Playing old RPG’s was never about looking good because these games were so big three-dimensional assets would have taken too long. Thank the lord for modern game engines because Lorian has finally cracked it. Here we have an RPG with all the complexities of those old timers but with the 'pretty as you like' scenes from a holiday brochure. Forests, beaches, mountains, cities and so much more I don't want to spoil for you. Divinity 2 is certainly the best looking game of this type and the amount of work on show is breathtaking. As you creep fire lit interiors you can see old desks, paintings and a whole manner of objects. Many of these can be picked up and take as bag filler.
As the game is in 3D so too are all the assets and so you can swing the camera view around at any time. In many games, we have seen this system run into problems but here I didn't come across many at all. Even when your party gets obscured the obstacle will fade so you can see what you are doing. From the menus, books, spell effects and more: I am in love with the way this game looks and plays. Performance was also rock solid on my GTX 980 with super fast load times on a fairly average SSD drive. Animation and polish also deserve a special mention because considering the size of the game it sets the bar.
Like the first game, the music and sound work is also some of the best you can find in the games industry. I would have liked a little more variation in the number of musical scores but they fit perfectly with the tone and setting of the game. The voice acting is also well produced and of a good quality.
Dungeons and Dragons
Those two words in that order, it means something right? I remember spending many a winter digging into the old classics I’ve mentioned above but I had a particular fondness for Neverwinter Nights. Not that it was better than the other games as such, but because it had a certain modular design which allowed the player to easily step into other player created stories. Now I have had a good look at Divinity Original Sin 2 I feel the same excitement once again because it has that same feeling of endless adventure.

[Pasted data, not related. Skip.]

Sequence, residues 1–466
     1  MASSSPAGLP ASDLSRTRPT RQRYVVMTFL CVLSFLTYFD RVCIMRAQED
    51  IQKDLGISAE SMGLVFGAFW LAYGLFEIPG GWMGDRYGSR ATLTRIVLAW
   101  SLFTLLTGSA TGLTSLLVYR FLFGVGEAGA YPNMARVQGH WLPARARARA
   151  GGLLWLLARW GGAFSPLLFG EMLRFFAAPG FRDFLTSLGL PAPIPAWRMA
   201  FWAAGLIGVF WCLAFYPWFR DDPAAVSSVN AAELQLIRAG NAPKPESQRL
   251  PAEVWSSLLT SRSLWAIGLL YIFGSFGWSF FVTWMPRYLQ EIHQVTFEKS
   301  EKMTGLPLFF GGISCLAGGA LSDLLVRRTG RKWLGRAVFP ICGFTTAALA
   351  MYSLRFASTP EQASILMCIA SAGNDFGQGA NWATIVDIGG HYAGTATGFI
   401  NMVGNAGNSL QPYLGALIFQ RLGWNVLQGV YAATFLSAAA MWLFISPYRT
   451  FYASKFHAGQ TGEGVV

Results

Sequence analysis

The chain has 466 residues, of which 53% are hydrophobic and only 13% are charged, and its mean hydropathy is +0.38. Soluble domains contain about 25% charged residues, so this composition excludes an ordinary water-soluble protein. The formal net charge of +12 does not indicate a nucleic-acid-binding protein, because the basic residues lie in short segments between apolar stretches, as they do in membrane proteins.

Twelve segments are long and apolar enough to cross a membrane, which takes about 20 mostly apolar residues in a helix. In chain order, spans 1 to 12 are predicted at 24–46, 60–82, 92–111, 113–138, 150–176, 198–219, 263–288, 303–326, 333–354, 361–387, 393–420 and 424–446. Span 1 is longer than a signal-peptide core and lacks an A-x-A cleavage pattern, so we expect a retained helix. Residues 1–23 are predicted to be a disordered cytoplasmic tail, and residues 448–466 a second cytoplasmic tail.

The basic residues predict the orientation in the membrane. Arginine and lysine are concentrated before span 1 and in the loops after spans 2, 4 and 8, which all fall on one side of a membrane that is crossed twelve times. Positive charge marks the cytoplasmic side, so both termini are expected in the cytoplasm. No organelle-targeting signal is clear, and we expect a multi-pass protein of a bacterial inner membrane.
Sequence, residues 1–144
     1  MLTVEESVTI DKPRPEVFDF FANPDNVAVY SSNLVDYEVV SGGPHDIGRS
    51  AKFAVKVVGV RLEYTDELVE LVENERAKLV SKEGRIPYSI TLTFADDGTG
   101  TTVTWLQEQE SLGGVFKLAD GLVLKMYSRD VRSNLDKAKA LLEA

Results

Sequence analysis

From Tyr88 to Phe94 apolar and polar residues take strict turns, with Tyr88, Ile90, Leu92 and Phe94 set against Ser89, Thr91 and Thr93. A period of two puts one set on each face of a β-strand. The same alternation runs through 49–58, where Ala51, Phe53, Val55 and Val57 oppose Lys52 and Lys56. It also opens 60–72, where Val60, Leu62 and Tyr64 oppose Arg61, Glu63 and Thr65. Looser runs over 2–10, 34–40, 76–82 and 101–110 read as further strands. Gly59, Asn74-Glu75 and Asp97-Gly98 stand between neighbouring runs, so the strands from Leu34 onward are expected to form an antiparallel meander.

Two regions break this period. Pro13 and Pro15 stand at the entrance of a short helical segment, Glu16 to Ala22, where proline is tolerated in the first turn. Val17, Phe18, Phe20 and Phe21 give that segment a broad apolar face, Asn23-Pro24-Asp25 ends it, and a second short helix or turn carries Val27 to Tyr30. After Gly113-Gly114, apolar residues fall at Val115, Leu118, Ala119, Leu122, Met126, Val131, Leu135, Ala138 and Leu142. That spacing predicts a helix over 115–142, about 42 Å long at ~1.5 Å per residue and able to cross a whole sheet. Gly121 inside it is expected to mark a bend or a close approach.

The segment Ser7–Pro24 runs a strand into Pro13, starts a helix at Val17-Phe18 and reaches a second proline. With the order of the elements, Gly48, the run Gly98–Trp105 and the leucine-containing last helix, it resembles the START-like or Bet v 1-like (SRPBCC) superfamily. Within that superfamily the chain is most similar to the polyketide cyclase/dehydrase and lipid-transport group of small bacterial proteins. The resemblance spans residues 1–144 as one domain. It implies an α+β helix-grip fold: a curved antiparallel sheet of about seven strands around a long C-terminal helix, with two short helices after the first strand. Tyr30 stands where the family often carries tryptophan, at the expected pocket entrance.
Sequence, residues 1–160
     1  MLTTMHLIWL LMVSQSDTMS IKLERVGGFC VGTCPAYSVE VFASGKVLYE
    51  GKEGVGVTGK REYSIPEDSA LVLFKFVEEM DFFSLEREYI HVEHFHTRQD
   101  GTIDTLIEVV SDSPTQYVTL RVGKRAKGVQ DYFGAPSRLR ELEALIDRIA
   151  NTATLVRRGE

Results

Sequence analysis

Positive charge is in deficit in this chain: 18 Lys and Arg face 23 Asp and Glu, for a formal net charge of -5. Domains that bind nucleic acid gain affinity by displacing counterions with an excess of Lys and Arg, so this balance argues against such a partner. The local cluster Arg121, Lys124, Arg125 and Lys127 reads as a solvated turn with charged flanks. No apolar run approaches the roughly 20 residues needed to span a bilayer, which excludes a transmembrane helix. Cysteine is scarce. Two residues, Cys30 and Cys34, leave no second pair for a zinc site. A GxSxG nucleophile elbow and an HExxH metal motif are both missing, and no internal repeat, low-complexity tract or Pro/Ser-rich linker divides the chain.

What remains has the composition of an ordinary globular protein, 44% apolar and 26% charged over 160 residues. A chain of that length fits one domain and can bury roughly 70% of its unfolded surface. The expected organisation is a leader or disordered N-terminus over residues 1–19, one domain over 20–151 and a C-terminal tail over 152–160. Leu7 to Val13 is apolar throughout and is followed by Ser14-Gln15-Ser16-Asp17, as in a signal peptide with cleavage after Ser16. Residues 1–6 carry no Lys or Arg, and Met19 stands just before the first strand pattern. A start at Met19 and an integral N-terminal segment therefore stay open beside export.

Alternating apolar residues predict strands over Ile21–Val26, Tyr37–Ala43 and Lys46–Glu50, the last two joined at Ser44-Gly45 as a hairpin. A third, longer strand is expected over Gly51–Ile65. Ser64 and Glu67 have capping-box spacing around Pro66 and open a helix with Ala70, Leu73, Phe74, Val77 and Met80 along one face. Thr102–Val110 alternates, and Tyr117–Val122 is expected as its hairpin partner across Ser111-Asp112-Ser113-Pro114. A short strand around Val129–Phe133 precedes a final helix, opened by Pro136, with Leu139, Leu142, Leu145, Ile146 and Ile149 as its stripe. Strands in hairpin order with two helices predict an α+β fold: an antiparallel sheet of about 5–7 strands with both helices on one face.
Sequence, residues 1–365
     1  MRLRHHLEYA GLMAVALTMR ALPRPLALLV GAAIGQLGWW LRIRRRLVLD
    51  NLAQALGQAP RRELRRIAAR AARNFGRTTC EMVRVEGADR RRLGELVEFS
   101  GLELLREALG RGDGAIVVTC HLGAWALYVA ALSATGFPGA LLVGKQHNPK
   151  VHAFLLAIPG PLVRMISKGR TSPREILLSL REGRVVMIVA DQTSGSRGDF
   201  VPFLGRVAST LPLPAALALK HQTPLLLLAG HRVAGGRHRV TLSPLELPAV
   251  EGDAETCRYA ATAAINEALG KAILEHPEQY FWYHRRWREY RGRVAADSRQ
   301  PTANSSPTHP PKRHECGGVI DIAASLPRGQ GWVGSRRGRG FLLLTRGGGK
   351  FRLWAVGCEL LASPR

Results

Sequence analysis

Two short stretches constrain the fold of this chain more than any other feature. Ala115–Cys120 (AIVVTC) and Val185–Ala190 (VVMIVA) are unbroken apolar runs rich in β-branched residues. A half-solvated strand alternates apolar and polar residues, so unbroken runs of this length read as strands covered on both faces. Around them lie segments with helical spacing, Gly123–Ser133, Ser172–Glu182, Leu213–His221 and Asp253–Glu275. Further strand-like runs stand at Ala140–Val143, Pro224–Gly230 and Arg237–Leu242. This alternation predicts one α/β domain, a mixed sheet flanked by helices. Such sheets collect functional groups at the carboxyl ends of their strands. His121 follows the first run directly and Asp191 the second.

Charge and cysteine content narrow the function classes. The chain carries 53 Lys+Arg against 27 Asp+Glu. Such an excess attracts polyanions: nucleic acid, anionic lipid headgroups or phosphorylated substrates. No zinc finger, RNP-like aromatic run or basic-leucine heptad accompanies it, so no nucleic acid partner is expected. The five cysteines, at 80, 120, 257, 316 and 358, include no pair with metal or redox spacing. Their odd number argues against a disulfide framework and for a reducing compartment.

Sure you can play solo, gather a good team and beat the game: but what then? Well, this time around we can have up to four player co-op in the same game, which is in itself a game changer. In addition to this, we have the Gamemaster mode in which you can actually create your own campaigns, acting as the dungeon master and soaking up all that pen and paper goodness with your friends. There is even Discord support baked right into the game and while I haven't actually tried I'm sure it will make forming groups a lot easier.
Divinity: Original Sin 2 is a love letter to every RPG fan out there and one which I would encourage you to answer. Games like the Witcher 3 are beautiful and vast but there is an additional layer of depth here which is exquisite. So many times these days we play an adventure game but sadly already know how it will end. Here this is honestly not the case and there is a real feeling that anything can happen; I can attest often it does.
The events here happen a thousand years after the original story, so while connected in the broadest sense I wouldn’t say you need to have played the first game. In terms of replay value, it doesn't get any better than this. There are so many choices both big and small, it can at times feel overwhelming. However, isn't that why we play games? To get lost in the unknown and caught up in the adventure that lies around every corner.
Thank you for reading my review of Divinity: Original Sin 2 on PC. I would like to thank Larian Studios for giving me a review copy of the game which has allowed me to produce a timely review for once. If you don't already you can follow me on Twitter @riggedforepic for all my content and witterings.